And Hugh pleads that the said Inquest ought not to prejudice him, when he is pursuing his title, because that Inquest was made by the King to inquire to whom that land ought to be committed (debuit commiti), and because his father William was not impleaded for the said land, nor impleaded anyone, nor was ever summoned by any writ; and he prays for a verdict.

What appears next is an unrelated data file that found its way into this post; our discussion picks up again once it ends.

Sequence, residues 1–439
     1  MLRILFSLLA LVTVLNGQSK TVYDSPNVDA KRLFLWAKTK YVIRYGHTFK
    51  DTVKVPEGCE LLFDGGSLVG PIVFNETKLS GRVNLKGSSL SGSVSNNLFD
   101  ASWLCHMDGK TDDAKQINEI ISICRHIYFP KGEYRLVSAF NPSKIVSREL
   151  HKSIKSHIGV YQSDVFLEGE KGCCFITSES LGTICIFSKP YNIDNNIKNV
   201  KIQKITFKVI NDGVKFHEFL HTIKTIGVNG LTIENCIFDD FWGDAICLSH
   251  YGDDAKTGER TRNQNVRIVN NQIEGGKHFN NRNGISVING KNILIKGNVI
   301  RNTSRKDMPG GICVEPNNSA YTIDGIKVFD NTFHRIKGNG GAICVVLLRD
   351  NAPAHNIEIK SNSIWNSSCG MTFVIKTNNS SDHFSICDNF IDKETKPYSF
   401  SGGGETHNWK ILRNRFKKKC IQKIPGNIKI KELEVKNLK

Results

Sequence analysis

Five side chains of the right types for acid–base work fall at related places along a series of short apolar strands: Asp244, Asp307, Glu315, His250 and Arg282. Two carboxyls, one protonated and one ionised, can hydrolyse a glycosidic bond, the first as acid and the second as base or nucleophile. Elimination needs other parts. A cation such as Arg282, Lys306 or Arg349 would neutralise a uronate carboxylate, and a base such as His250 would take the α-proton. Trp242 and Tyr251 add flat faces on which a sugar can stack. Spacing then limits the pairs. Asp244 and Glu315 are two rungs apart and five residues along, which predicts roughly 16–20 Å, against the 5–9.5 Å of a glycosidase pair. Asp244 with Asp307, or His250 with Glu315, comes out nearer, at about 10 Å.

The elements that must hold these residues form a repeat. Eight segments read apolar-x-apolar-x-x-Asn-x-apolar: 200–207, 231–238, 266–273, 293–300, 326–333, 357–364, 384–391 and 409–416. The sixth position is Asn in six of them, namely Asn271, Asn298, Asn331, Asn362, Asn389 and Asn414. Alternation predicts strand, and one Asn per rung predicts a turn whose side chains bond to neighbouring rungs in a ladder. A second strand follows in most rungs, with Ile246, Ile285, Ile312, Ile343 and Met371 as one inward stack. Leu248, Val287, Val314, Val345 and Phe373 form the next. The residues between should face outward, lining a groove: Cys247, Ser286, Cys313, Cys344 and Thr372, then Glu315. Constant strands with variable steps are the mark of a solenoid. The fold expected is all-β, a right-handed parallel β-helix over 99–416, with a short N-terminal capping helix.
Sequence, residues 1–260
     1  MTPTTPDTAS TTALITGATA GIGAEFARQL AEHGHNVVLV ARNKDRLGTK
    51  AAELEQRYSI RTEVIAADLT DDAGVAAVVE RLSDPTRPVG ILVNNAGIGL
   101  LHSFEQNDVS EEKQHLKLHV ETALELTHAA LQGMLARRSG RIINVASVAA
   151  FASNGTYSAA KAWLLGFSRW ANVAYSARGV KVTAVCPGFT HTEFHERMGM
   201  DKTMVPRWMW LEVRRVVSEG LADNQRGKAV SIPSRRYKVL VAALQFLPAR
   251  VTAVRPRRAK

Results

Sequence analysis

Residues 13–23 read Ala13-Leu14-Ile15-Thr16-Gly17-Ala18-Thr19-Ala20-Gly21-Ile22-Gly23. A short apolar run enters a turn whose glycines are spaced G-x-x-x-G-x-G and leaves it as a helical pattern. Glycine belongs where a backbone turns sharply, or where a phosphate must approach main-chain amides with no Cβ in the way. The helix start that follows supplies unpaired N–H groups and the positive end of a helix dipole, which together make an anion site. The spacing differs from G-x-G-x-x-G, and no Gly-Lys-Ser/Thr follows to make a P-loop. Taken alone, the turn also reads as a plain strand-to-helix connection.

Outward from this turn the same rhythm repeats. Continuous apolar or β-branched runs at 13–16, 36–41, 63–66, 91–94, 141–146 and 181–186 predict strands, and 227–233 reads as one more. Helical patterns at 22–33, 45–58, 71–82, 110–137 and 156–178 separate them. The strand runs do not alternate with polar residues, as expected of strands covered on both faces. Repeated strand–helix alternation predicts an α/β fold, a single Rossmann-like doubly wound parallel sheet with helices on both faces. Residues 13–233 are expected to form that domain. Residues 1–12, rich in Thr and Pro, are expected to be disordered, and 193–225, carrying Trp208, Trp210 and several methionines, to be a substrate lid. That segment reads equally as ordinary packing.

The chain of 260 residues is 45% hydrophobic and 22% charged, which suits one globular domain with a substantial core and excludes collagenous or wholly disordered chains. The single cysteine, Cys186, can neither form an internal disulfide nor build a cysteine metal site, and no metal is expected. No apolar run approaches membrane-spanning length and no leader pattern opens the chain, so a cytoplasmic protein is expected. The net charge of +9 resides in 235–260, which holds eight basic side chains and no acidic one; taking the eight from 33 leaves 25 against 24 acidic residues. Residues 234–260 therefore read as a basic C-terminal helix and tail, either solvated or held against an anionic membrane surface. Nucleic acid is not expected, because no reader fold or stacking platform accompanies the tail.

Afterwards the Roll of the Eyre of M. de Pateshull was examined, for a certain Jury chosen by the consent of the suitors before M. de Pateshull and his associates, at Lincoln, in the tenth year of this reign [A.D. 1225–6], by the following jurymen (recognitiones), viz.: Robert Bussel, Richard de Thorington, William de Tounstal, John de Cincefeld (Cantsfield), Adam de Wenington, Richard de Wraton, William de Tatham, Alexander de Pilkington, Henry de Brodeshagh, Roger Gernet of Burgh, Alan de Pennington, William de Millum, Gilbert de Kellet and John Gernet; and by the following from county Lincoln, viz.: William, son of Engelram, son of Simon, Roger de St. Martin, Herbert de Nevill, Gilbert de Tours (Turribus), and Ralph de Barkewin, to make recognition who is the next heir of Roger de Montbegon, and who by nearness of kinship ought by right and custom of the kingdom to obtain the inheritance lately belonging to the said Roger, whereof William de Ros, Adam de Tid and Thomas de Scoteny declare themselves to be the heirs, by reason that Roger de Montbegon, the grandfather of the said Roger, had one son named Adam, father of the said Roger, the younger, who lately died, and three daughters, viz.: Beatrice, Agnes and Emma, from whom descended the said William de Ros, Adam and Thomas, as they aver; and whereof Henry de Munegheden, declares himself to be heir, because he is the heir of the said Roger, in that the said Roger, the grandfather, had only one son and one daughter, to wit, the said Adam and the said Agnes, from whom he descends; and whereof John de Mikeham, Robert de Talewrth and Robert de Hamesden declare themselves to be the heirs of the said Roger, and that the said Roger, the grandfather, had one son, as is aforesaid, and three daughters, viz.: Matilda, Beatrice and Emma, from whom the said John, Robert and Robert descended as they aver; and whereof John de Cume (Kime) declares himself to be the heir of the said Roger, because he descended from Matilda, sole daughter of the aforesaid Roger, the elder; and whereof Adam de Beri (Bury) declares himself to be the heir of the said Roger, because the said Adam, father of the said Roger last deceased, had one daughter called Alice, from whom he descended, as he avers; and to make recognition if the said Roger who lately deceased, in the year and on the day of his death, was in seisin of the Castle of Horneby, and if he took the issues of the lands of Horneby and Melling, appurtenant to that castle, down to the day of his death, or no.